Spending money on kids

Most arguments about finances have two sides and this might be the case for many parents. Often, our spending habits (on kids or other things) are a reflection of our values and priorities – which aren’t always perfectly aligned between family members. Arguments about money are a common source of discord among couples in the many countries. According to a new survey by the American Institute of CPAs (AICPA), money fights prompt an average of three arguments each month – making it the most volatile topic for spouses.

The escalating cost of raising kids, coupled with a still-difficult economy, makes it more likely that arguments about kid-related expenses will pop up. The most frequent money fights cited in the AICPA survey revolved around

  • needs versus wants” (58% reported this as the most common reason for a spat),
  • unexpected expenses (49%) and
  • Insufficient savings (32%) – all of which can be exacerbated in families with children.

Frequently, marital conflict about money can be attributed to a failure to communicate about finances. More than half of the AICPA survey respondents said they don’t set aside time to talk about money before disputes arise. If you and your spouse often have disagreements about spending on the kids, consider exploring the following topics:

Talk about your money values. Money habits and values are typically shaped during childhood. So, if your parents were liberal with money, you may have a similar approach. But if you grew up in a frugal environment, or one in which you worked for the things you wanted, your perspective about spending on your kids may be more conservative. I’ve even seen adults who disagreed with their parents’ approach and intentionally do the opposite in their own parenting. Deeply held views about what is right and wrong financially can perplex a partner without proper context. Regardless of how your values were formed, it’s important to discuss your own financial values and philosophy around childrearing with your spouse or partner. You may not agree, but you’ll likely become more empathetic if you know where the other person is coming from.

Discuss how much stuff costs. In many households, one parent takes responsibility for the children’s everyday expenses and therefore may be more in tune with how much things truly cost. If you’re that parent, you may be mystified or defensive when your spouse or partner questions your spending. If the other parent hasn’t shopped for the kids lately (or ever), he or she might be shocked to discover how much things cost. Consider inviting them on a shopping trip where you can discuss alternative choices together and save receipts to help inform your shared budget. Sharing this information with them may also help him or her to make informed decisions when he or she does run an errand for your kids.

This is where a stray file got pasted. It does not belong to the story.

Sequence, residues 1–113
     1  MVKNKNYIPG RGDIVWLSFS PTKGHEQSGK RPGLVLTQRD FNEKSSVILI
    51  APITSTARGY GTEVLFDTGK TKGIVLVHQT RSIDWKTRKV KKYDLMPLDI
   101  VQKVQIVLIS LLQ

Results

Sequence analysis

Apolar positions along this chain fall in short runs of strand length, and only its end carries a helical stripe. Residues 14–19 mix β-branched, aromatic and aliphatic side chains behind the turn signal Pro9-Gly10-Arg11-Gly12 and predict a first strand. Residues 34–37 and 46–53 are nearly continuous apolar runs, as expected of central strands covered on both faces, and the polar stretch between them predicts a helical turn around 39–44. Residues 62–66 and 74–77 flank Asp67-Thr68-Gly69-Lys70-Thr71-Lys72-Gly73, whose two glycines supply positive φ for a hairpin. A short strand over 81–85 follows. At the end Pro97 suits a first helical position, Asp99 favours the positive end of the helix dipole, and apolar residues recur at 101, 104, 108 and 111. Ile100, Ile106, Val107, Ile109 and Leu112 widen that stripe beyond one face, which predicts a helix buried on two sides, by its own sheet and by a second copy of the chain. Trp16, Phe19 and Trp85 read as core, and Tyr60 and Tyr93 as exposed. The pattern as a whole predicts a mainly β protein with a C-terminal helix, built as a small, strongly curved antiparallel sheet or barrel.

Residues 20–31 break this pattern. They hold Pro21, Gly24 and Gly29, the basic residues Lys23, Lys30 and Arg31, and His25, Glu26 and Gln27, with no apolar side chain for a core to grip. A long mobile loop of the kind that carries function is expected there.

Agree on your children’s needs and wants. Be honest with each other about what you spend and why when it comes to your children’s needs. Do you buy luxury versions of items when there is a less expensive choice? Or splurge on birthday gifts or clothing to impress others? If an element of status or prestige is something you value, make sure you’re consciously aware of this and how it might impact your relationship with your spouse and your children. It is also important to be in tune with your kids’ needs and wants. Sometimes having or doing the “in” thing is important to your child feeling accepted, so those expenses are worthy of discussion. At other times, that must-have item may really be absolutely ridiculous (adding to a stack of video games or a closet full of dolls). It is up to you to know where to draw the line, but make sure you and your spouse or partner are both on the same page about what the limits are.

Agree on how kids’ expenses fit in to the family’s financial plan. Look at your overall financial plan and household budget and determine how much discretionary spending (after the fixed essentials like housing, basic clothing and food) you have for child-related items like private school tuition, activities, allowances, entertainment and gifts. It may take time, but try to prioritize and align on what you’ll spend in each category. Then, stick to the agreed upon budget and consult one another before you purchase something outside of it.

Regardless of your income, raising children is costly and requires constant decision-making – financial and otherwise. Since spending on your kids is a reflection of your own values and priorities, frequent communication with your spouse will help you navigate this ever-changing landscape.


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